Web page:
• $\begingroup$ This answered my second question bypassing the first (I was typing on a phone and tried to avoid writing any maths, I will edit so it is clearer). Thanks for bumping this to an answer. $\endgroup$ – David Roberts Oct 6 '17 at 20:47
  • 1
    $\begingroup$ @DavidRoberts: Since you seem to have accepted this answer, I edited the answer so that it now answers both of your questions separately. The second part is basically due to Tim Gowers, as linked in the answer, and the first part is inspired by this Wikipedia page. $\endgroup$ – Burak Oct 8 '17 at 19:39

Yes. There are a few different ways to prove this. One that I like is based off the following construction of an injection from $\mathbb{R}$ to $\mathbb{R}/\mathbb{Q}$:

Let $\{q_i:i\in\mathbb{N}\}$ be an enumeration of the positive rationals; we can in ZF build a map $F$ from $2^{<\mathbb{N}}$ to $2^{<\mathbb{N}}$ such that:

  • $F$ is monotonic: $\sigma\prec\tau\implies F(\sigma)\prec F(\tau)$.

  • For each $i\in\mathbb{N}$, if $\sigma,\tau$ are distinct binary strings of length $i$, then there are no real numbers $a,b$ in $(0, 1)$ whose binary representations begin with $F(\sigma)$ and $F(\tau)$ respectively and which satisfy $a=bq$.

Now we observe:

$(*)\quad$For finite binary strings $\hat{\sigma},\hat{\tau}$ and rational $q$, there are proper extensions $\sigma',\tau'$ of $\hat{\sigma},\hat{\tau}$ respectively such that for all reals $c, d$ with binary expansions beginning with $\hat{\sigma},\hat{\tau}$ respectively, $c\not=qd$.

This is easy to prove, and since the finite binary strings are well-ordered we can pick such $\sigma',\tau'$ canonically. We now build $F$ recursively (and by the previous sentence this works in ZF alone): we set $F(\emptyset)=\emptyset$ and having defined $F(\sigma)$ for all $\sigma$ of length $<n$ we define $F(\rho)$ for $\rho$s of length $n+1$ by applying $(*)$ repeatedly, so that for any distinct $\rho_0,\rho_1$ of length $n+1$ satisfy: no reals $a, b$ in $(0, 1)$ with binary expansions beginning with $\rho_0,\rho_1$ respectively satisfy $a=qb$.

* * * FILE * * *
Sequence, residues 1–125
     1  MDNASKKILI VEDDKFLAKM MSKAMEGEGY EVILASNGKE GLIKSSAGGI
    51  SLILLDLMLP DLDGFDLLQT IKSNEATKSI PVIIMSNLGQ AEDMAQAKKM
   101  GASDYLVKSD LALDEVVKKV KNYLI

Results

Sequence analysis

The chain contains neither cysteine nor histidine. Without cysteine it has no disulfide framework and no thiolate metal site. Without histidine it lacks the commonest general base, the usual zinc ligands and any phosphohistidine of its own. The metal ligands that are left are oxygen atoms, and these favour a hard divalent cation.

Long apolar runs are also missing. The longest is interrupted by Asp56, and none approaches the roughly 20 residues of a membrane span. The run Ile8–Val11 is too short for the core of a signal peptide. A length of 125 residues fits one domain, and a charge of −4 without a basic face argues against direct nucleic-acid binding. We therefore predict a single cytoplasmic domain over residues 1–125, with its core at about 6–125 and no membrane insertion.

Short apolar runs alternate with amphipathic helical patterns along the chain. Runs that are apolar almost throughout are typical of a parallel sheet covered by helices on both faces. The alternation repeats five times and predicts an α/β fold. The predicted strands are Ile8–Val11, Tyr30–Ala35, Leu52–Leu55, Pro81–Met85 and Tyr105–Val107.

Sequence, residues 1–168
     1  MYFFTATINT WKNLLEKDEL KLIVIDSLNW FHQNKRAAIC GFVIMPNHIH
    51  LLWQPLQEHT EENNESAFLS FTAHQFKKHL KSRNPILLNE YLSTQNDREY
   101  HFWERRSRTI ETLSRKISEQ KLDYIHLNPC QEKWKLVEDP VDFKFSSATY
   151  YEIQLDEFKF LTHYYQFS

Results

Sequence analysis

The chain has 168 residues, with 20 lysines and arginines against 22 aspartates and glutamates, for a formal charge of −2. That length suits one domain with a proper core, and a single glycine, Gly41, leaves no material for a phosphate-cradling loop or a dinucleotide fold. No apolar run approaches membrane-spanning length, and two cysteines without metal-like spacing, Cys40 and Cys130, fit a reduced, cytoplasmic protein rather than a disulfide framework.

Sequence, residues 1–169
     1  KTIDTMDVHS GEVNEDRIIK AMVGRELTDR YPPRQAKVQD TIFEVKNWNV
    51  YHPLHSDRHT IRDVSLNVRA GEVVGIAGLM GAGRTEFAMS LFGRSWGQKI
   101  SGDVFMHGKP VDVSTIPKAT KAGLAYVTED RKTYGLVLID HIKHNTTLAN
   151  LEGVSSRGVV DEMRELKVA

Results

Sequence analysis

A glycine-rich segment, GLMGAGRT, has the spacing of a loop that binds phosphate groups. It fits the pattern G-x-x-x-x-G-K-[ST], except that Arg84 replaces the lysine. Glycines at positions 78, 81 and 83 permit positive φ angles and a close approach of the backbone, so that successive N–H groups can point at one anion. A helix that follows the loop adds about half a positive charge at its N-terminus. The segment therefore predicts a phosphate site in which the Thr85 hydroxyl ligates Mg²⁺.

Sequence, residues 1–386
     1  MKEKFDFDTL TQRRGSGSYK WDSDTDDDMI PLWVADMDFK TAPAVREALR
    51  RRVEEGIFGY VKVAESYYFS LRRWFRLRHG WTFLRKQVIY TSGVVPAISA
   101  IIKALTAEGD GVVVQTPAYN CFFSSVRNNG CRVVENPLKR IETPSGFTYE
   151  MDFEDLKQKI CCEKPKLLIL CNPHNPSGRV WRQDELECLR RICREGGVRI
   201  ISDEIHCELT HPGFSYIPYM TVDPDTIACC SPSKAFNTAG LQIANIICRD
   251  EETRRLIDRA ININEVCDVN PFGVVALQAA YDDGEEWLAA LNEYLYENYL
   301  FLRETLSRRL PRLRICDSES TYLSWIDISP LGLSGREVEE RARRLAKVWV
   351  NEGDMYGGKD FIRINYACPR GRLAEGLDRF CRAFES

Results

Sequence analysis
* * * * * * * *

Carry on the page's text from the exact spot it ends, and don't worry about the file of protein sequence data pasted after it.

But now distinct infinite binary sequences $g,h$, the reals $0.F(g)$ and $0.F(h)$ can't be rational multiples of each other. So the map $\mathcal{F}$ sending $g$ to $0.F(g)$ yields an injection of $2^\mathbb{N}$ into $\mathbb{R}/\mathbb{Q}$, and we then tweak it appropriately to get one from $\mathbb{R}$ into $\mathbb{R}/\mathbb{Q}$.

This basic kind of argument - break our goal into countably many "local" requirements, then organize them on the levels of a tree appropriately - is useful in a wide variety of situations, and is especially simple when the requirements are appropriately "continuous." For the problem here, what we need to do is fix an enumeration $\{\mathcal{L}_i: i\in\mathbb{N}\}$ of all the nontrivial linear combinations in finitely many variables - and while this is messier, no actual difficulties arise since we can always "break" a purported linear combination appropriately. (Another application I like is the construction of a closed set of size continuum which is an antichain under Turing reducibility.)


Your Answer

By clicking “Post Your Answer”, you agree to our terms of service, privacy policy and cookie policy

Not the answer you're looking for? Browse other questions tagged or ask your own question.